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Newsletter March – April 2017: April 27 – National Tell a Story Day

April 27 – National Tell a Story Day

As a parent of a young child, you are probably hearing many different approaches on how to prepare your child for kindergarten. Preschool, play groups, and positive parenting are all important. But when it comes to raising successful learners, 30,000 is the magic number. That’s 30,000 words spoken to your child each day.

Most parents know that they should read to their children, early and often. But few know that speaking to them is just as important to literacy and language success. Research shows a direct link between a child’s academic performance in third grade and the number of words spoken in their home from birth to age three.

Just how much are 30,000 words? Read Dr. Seuss’ The Cat in the Hat 18 times and you’ll be close. But don’t be limited to books. Talk, sing and tell stories to your child. Encourage interaction through questions that spark his imagination and encourage conversation.

National Tell a Story Day is observed in the United States each year on April 27. Celebrate with your child by telling a story of your imagination or an actual story from a childhood memory.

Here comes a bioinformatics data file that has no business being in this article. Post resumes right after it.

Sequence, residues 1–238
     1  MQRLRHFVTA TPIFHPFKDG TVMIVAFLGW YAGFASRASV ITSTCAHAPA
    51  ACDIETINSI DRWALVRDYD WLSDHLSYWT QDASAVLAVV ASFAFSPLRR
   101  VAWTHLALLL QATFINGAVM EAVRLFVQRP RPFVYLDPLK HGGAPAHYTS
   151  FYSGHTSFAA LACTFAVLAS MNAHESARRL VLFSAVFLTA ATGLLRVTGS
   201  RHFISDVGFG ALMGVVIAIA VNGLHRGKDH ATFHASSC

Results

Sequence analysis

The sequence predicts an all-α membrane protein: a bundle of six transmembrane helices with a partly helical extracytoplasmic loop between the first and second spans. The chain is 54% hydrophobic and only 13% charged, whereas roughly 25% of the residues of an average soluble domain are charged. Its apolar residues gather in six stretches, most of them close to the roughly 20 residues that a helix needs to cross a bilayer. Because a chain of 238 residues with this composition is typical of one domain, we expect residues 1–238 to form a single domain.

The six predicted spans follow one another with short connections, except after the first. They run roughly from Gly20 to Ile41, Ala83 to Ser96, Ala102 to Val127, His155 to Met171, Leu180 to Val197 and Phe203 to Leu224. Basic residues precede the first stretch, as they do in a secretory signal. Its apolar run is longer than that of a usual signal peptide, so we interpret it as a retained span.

Storytelling is an ancient practice used to hand down knowledge from one generation to the next. It’s a wonderful way to pass on family traditions, histories, and long told tales and can be entertaining as well as educational. Some of the very best stories come from real life experience!

Telling stories to your child is a time for him to learn, to remember and to grow closer to you. Regular, imaginative story time will not only encourage your child to be curious and ask questions but also inspire him to become a storyteller as well. And, that’s a sure-fire way to reach your 30,000 words-a-day goal.

(Source: https://www.education.com/magazine/article/30000_words/)

More Tips to 30,000 Words a Day
When you are driving with your child, sing. “The Wheels on the Bus” is a great driving song. Sing to the radio, sing a silly song, sing a nursery rhyme. Play “I spy” with simple, colorful things for your child to spy: I spy a yellow bus, I spy a red firetruck, I spy a big building. The sky’s the limit. Talk out loud to your child as you go about your daily routine: shopping, cooking, cleaning, laundry. Not only will you get closer to the magic 30,000-word mark, but your child will be picking up important words to enhance his vocabulary.

 

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